New multipurpose vessel on the way

Monday, 11 January, 2016 - 10:30
The multipurpose vessel Living Stone is being built by the Spanish shipyard LaNaval near Bilbao where recently the keel laying ceremony took place. (Graphic: DEME)
The multipurpose vessel Living Stone is being built by the Spanish shipyard LaNaval near Bilbao where recently the keel laying ceremony took place. (Graphic: DEME)

DEME has announced the keel laying for its new multipurpose vessel Living Stone. It will be able to accommodate up to 100 people and will serve turbine as well as cable installation. Ship delivery is planned for 2017.

DEME has started the construction of the multipurpose vessel Living Stone. The vessel is being built by the Spanish shipyard LaNaval near Bilbao where recently the keel laying ceremony took place. The Living Stone will be delivered in 2017.

The Living Stone features DP3 (Dynamic Positioning 3) capability together with a total loading capacity of 12,500 tons. It will be equipped with two large 5,000 tons cable/umbilical carrousels arranged below deck allowing for a free deck space of approx. 3,500 m² which accommodates the modular cable/umbilical handling systems, remotely operated vehicles (ROVs), the subsea trenching tool CBT 1100 and the fall-pipe system. A central moon pool of 7.7 m by 7.7 m and the installation of a 600 ton crane for subsea installation and removal complete this arrangement. The new vessel will be able to accommodate up to 100 people and will serve transport and installation projects as well as offshore power cable and umbilical installation, interconnectors for the future European super grid amongst others.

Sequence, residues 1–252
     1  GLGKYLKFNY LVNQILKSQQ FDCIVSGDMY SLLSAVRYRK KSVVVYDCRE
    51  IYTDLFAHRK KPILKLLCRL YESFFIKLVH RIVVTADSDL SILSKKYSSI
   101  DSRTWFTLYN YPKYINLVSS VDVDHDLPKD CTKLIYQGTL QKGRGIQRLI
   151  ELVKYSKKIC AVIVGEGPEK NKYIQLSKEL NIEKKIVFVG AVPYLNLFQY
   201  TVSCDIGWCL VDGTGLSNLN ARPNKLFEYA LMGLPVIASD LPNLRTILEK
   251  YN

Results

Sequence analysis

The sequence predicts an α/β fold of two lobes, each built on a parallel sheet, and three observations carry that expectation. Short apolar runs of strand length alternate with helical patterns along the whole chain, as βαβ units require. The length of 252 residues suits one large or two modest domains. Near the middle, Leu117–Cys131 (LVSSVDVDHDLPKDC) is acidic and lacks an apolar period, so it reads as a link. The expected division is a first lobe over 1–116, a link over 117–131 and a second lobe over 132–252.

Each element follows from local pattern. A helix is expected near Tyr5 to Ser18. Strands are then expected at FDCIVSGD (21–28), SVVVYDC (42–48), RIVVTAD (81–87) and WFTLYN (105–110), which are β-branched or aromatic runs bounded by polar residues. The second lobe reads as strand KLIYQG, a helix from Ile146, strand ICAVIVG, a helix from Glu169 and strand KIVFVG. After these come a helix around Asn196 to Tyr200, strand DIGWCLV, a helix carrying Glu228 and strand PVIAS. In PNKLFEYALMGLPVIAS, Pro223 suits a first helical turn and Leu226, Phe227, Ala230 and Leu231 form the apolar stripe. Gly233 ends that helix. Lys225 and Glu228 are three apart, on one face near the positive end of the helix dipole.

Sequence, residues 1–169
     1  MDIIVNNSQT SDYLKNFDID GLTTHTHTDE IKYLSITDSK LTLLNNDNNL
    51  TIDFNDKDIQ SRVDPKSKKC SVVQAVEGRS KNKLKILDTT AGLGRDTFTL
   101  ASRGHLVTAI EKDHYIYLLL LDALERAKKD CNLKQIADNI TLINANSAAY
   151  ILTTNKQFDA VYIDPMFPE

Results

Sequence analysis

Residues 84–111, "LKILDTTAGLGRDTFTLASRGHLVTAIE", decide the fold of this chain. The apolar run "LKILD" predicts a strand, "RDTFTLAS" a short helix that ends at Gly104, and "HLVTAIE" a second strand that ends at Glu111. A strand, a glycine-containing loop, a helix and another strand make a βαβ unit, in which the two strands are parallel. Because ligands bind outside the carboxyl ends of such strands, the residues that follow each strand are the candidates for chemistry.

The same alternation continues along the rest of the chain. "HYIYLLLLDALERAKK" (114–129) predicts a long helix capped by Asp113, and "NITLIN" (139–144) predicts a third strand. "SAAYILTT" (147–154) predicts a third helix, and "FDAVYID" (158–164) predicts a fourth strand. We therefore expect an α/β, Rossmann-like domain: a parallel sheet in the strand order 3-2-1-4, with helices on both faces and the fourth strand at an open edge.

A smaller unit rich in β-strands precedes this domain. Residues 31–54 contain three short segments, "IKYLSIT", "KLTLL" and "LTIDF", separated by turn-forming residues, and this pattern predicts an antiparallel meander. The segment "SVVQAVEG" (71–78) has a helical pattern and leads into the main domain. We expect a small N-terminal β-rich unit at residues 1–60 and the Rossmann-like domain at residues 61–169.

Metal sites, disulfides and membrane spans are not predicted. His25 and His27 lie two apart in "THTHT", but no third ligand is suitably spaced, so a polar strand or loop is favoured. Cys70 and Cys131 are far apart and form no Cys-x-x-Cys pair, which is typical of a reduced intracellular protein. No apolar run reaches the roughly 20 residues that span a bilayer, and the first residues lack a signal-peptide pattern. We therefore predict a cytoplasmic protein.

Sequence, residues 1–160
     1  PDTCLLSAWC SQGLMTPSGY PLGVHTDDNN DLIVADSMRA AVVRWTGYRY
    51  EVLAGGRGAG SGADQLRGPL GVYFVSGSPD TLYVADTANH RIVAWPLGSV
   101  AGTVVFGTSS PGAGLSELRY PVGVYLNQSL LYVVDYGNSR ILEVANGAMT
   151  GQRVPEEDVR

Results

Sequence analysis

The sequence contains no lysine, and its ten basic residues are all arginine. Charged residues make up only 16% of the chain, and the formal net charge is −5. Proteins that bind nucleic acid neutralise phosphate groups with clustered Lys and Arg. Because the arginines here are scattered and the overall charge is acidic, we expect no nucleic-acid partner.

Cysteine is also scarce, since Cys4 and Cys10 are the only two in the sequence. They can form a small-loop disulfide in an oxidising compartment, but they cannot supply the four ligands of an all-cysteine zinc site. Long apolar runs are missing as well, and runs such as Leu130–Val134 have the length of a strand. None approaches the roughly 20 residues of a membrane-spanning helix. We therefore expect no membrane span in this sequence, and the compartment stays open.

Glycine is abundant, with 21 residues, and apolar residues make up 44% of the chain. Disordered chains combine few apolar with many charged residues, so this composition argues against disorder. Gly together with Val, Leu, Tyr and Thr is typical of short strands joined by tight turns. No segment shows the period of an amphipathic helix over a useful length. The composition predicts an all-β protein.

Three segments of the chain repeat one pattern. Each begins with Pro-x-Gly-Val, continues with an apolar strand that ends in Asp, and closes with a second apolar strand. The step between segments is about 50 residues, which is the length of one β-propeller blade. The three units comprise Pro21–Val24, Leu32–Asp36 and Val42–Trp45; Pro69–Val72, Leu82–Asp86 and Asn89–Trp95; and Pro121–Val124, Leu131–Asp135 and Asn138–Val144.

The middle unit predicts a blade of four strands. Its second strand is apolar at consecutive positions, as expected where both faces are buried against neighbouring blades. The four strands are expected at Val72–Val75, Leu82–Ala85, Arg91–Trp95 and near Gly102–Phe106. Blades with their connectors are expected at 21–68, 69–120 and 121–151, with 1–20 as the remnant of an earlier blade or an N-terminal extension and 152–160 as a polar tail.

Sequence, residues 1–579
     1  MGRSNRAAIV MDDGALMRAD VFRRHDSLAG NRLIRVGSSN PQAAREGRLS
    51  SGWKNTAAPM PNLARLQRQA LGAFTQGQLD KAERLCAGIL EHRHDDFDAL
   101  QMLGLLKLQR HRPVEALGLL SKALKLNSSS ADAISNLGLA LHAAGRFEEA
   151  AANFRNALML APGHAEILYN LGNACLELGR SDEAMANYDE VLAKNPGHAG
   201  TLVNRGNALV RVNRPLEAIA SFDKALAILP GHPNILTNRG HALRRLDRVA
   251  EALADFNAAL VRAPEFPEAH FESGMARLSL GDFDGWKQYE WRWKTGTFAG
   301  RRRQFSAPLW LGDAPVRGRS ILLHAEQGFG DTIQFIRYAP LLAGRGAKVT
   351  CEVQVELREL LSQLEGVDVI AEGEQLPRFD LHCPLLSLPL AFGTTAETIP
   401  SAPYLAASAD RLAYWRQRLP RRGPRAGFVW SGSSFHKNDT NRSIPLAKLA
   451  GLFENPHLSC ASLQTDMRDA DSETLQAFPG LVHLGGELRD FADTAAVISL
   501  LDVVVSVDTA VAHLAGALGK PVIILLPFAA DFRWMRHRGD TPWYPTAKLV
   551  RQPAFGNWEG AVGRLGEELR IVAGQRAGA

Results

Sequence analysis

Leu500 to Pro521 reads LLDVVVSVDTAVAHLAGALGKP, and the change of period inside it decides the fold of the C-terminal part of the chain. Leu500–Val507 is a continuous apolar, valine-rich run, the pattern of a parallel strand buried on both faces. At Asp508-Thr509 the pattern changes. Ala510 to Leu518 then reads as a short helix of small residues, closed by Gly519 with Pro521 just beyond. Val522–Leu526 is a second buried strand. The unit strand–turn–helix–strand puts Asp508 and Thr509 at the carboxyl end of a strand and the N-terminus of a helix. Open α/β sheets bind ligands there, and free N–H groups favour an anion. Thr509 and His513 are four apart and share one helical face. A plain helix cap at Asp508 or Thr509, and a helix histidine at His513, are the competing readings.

The Living Stone has been designed with “dual fuel” main engines with LNG being its prime fuel. LNG, biodegradable grease and oil will be used combined with heat recovery. The aim is to reduce the vessel’s emissions and waste so that the overall environmental burden from shipping is reduced. The Living Stone will be another DEME vessel equipped with dual fuel engines, in addition to the self-propelled jack-up vessel Apollo and three other hopper dredgers that have been ordered. Furthermore, it will join the fleet of fall-pipe vessels of DEME's offshore division Tideway which currently includes the Flintstone, Rollingstone and Seahorse

Katharina Garus / DEME

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